“Veterans are natural business owners. Surveys show that military service is one of the strongest predictors of business ownership. Military veterans make up only 6% of the U.S. population but nearly 15% of business owners, and these businesses produce a whopping $1.6 trillion in annual receipts and employ 8.2 million Americans.”
Interestingly, this trend in veteran entrepreneurship is less a result of military training than it is the personality traits of the individual. A study from the Small Business Administration’s Office of Advocacy, “Factors Affecting Entrepreneurship among Veterans,” revealed veterans are at least 45% more likely to be self-employed than those without active-duty experience. Yet, it is not the career military folks who tend to start businesses; it is most often those with less than 4 years of active duty service. Why? The study says people with an entrepreneurial bent tend to leave service earlier in pursuit of their own endeavors. This tells us not that good soldiers make good entrepreneurs, but rather, the veteran community is yet another cohort from which entrepreneurs can emerge, and that deserves recognition and support.
So what? Why is it important to recognize the numerous cohorts from which entrepreneurs emerge? In short, the squeaky wheel gets the grease. There are myriad challenges for entrepreneurs, such as access to credit and appropriate federal, state and local legislation. As a nation, finding ways to support new business is synonymous with supporting our country’s future. It is important that we amend the popular narrative that suggests entrepreneurs are most often young.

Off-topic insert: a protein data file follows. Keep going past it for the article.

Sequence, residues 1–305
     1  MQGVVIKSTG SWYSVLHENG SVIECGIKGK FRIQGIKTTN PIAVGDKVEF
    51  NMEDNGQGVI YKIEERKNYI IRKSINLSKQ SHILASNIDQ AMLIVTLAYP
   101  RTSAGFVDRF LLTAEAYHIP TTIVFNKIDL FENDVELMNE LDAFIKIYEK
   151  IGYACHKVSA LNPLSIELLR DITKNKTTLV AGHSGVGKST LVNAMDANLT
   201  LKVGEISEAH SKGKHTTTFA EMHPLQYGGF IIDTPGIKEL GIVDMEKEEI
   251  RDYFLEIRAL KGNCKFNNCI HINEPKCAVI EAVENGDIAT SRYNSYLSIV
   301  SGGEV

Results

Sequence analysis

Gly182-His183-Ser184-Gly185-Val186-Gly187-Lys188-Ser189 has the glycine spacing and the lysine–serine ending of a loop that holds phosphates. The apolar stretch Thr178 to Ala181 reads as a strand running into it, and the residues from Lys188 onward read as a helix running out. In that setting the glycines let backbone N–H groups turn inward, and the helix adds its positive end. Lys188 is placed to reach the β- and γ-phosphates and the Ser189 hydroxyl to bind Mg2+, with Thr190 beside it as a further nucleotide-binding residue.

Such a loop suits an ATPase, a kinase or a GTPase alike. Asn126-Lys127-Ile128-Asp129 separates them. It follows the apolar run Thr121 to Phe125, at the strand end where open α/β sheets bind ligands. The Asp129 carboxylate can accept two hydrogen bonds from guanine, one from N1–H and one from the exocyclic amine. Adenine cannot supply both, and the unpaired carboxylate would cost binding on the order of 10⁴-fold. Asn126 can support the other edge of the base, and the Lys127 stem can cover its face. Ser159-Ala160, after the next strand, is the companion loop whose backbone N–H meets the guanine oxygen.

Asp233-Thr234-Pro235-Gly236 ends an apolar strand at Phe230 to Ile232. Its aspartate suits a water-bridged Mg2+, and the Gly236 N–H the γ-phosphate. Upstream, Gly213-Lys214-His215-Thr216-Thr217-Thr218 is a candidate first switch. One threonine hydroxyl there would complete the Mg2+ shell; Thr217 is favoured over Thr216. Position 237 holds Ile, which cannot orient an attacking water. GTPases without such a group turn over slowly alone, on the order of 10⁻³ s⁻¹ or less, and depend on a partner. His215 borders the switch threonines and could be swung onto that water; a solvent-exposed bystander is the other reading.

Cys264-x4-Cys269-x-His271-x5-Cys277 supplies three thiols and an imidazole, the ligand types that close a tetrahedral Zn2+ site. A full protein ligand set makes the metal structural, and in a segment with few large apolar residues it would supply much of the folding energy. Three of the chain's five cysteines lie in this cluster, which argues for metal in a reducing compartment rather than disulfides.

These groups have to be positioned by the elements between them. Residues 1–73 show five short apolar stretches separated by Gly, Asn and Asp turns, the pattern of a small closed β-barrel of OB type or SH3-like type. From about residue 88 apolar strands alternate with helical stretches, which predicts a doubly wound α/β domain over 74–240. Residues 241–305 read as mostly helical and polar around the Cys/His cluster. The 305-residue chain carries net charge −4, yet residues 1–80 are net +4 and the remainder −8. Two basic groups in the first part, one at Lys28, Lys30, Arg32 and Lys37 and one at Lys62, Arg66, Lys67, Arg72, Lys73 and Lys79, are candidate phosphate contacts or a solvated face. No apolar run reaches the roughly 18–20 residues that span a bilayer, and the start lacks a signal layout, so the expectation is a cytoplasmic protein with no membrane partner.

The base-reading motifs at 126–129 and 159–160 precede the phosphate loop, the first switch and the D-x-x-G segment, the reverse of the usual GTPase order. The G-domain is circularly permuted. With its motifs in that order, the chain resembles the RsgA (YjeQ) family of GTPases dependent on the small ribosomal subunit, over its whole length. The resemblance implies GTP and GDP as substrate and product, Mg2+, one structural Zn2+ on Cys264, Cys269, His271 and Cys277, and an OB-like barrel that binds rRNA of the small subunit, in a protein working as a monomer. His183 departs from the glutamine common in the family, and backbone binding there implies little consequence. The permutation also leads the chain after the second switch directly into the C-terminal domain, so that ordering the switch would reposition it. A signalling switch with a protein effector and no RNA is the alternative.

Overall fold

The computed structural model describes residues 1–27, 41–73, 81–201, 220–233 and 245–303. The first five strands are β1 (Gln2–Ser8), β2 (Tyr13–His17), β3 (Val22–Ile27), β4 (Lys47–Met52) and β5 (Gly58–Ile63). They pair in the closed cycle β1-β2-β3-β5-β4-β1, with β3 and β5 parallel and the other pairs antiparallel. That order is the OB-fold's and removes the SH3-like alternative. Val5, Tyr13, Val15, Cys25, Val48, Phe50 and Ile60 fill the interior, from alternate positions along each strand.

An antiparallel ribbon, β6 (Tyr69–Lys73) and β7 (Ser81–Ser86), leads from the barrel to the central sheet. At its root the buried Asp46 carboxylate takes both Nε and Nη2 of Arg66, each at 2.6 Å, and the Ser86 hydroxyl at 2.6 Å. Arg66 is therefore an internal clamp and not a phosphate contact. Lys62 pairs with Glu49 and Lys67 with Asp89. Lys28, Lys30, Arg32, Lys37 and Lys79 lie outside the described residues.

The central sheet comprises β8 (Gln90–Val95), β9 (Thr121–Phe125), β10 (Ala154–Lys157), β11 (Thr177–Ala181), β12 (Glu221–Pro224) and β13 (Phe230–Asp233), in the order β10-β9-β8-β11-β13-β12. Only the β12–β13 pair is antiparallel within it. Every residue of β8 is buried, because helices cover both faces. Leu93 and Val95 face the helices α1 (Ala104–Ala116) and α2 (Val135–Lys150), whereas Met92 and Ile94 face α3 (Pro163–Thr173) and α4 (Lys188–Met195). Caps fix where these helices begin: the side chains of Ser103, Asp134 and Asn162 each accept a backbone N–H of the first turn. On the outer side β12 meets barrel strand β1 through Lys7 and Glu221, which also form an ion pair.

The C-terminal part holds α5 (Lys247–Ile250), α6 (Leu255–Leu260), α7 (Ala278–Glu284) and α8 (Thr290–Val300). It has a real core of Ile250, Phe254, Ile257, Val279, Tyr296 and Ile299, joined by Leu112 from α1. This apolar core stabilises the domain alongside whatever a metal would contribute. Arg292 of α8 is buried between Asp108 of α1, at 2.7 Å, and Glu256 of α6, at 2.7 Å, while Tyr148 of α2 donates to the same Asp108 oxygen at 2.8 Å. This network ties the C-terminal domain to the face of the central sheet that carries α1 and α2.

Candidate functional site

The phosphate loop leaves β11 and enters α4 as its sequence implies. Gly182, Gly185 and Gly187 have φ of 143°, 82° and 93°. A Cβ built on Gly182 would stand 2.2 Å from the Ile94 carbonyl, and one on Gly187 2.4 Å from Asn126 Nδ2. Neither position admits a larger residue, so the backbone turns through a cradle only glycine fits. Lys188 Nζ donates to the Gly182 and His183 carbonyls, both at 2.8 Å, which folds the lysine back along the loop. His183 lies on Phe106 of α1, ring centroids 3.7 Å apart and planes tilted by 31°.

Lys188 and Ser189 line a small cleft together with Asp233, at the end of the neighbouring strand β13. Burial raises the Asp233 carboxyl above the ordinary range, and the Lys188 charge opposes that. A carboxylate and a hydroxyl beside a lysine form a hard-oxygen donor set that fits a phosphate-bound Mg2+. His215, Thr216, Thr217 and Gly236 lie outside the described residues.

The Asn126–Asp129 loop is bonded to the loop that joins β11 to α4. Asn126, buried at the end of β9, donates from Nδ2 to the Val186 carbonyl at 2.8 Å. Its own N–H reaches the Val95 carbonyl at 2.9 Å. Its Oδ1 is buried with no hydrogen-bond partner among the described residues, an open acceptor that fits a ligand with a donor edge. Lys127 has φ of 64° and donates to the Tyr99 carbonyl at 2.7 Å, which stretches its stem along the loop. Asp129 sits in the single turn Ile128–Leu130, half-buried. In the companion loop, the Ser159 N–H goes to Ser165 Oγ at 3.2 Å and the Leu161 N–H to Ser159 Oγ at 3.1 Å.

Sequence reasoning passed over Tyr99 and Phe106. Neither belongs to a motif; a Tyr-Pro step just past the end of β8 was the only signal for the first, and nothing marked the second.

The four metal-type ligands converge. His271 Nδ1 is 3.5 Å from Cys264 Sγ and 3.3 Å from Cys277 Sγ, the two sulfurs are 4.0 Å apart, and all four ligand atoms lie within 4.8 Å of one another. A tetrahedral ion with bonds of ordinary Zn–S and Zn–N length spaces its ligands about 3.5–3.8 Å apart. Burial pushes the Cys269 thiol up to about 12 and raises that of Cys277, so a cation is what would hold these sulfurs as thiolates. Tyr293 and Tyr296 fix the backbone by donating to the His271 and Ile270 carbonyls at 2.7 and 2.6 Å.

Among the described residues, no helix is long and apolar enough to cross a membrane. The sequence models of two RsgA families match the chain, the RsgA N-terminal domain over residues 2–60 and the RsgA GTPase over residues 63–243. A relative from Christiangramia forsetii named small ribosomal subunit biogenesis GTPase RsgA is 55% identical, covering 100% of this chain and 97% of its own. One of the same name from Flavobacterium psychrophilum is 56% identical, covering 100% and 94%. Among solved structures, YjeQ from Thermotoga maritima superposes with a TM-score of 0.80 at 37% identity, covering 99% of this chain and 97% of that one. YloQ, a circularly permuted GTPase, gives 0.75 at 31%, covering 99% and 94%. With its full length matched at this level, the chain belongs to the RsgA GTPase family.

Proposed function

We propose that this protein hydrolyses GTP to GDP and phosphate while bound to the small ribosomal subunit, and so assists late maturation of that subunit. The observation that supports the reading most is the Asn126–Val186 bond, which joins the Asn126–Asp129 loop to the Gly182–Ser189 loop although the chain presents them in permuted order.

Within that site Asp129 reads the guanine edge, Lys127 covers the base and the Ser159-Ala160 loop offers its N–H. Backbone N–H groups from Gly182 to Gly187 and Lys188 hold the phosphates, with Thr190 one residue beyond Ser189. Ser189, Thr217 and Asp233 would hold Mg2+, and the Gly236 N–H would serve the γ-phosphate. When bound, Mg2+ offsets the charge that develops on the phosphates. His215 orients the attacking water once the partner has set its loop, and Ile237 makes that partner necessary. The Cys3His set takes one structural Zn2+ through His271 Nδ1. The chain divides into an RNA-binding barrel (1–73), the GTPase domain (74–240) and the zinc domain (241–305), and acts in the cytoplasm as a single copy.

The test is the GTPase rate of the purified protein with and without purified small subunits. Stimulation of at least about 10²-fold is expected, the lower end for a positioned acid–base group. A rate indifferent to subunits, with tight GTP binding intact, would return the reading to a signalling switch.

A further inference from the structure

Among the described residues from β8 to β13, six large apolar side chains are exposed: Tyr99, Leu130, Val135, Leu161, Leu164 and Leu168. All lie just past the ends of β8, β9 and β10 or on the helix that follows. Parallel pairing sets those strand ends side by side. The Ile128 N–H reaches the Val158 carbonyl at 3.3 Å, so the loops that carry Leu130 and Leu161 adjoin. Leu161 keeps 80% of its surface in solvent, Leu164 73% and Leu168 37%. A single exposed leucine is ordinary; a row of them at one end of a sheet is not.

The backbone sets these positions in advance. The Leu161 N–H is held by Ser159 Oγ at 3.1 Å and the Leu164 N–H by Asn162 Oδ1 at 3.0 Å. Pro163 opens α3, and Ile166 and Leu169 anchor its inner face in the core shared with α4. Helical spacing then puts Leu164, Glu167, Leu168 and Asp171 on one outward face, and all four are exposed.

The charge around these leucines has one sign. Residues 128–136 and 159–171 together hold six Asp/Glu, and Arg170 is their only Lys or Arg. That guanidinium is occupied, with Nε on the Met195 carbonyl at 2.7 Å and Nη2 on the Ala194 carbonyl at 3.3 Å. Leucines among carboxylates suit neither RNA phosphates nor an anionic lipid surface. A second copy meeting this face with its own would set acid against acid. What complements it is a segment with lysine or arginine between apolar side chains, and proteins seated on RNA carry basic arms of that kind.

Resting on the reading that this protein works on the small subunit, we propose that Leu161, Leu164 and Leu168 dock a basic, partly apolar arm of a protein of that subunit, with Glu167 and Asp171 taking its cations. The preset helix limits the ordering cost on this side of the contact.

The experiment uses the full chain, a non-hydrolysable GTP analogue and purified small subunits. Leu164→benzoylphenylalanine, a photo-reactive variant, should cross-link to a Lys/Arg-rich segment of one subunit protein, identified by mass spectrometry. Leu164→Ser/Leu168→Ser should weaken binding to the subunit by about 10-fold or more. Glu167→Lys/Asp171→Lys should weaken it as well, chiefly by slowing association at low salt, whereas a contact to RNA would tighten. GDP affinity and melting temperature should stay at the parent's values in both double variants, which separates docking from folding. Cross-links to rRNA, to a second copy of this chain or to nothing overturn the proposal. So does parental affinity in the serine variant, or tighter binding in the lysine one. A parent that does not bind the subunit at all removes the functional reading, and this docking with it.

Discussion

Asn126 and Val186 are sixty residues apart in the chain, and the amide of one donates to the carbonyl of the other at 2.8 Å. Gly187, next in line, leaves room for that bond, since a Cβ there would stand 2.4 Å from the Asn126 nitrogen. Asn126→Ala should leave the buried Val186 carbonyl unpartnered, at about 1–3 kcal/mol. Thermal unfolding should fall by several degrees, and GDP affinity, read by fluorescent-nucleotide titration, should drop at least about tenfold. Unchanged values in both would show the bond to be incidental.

Indeed, an important aspect of encouraging new American business is a positive public perception that accurately reflects the entrepreneurial potential of the entire population. That message was brought to public in a Senate hearing from the Special Committee on Aging and The Small Business & Entrepreneurship Committee in February, “In Search of a Second Act: The Challenges and Advantages of Senior Entrepreneurship.” Sen. Susan Collins said at the hearing:
“The role played by America’s small businesses in creating jobs and opportunity is well-known, but the role played by America’s seniors may come as a surprise: individuals between the ages of 55 and 64 make up the largest percentage of new business owners in the U.S., and this has been true for decades, even at the height of the ‘Dot Com’ boom.”
This public exposure about the importance of entrepreneurship amongst older cohorts is critical for raising awareness about persistent challenges and untapped potential. By that same measure, we should work to find ways to support veterans in their entrepreneurial pursuits and clear the obstacles in their path.
There are numerous programs and workshops teaching entrepreneurial concepts to younger generations. This is important; it helps foster and perpetuate the desire and know-how to chase the American Dream, which in turn drives economic prosperity and jobs. Yet, all age cohorts have the capacity to engage in entrepreneurship, and given that age and experience have a big impact on the potential for success, we should be mindful to champion and encourage entrepreneurship amongst America’s older (read: non-Millennial) generations.